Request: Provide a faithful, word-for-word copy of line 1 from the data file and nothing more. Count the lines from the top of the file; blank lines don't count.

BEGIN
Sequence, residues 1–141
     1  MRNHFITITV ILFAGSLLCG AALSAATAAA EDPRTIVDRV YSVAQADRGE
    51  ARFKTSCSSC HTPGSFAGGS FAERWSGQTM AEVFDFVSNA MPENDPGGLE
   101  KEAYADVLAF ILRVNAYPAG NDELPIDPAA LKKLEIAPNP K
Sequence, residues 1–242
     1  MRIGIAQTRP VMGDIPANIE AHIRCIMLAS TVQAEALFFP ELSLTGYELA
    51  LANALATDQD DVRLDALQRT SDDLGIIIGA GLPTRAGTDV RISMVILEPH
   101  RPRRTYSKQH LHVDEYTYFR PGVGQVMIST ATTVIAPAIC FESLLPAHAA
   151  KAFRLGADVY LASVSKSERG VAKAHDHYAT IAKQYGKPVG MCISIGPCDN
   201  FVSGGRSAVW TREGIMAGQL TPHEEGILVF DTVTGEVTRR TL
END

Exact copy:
Sequence, residues 1–141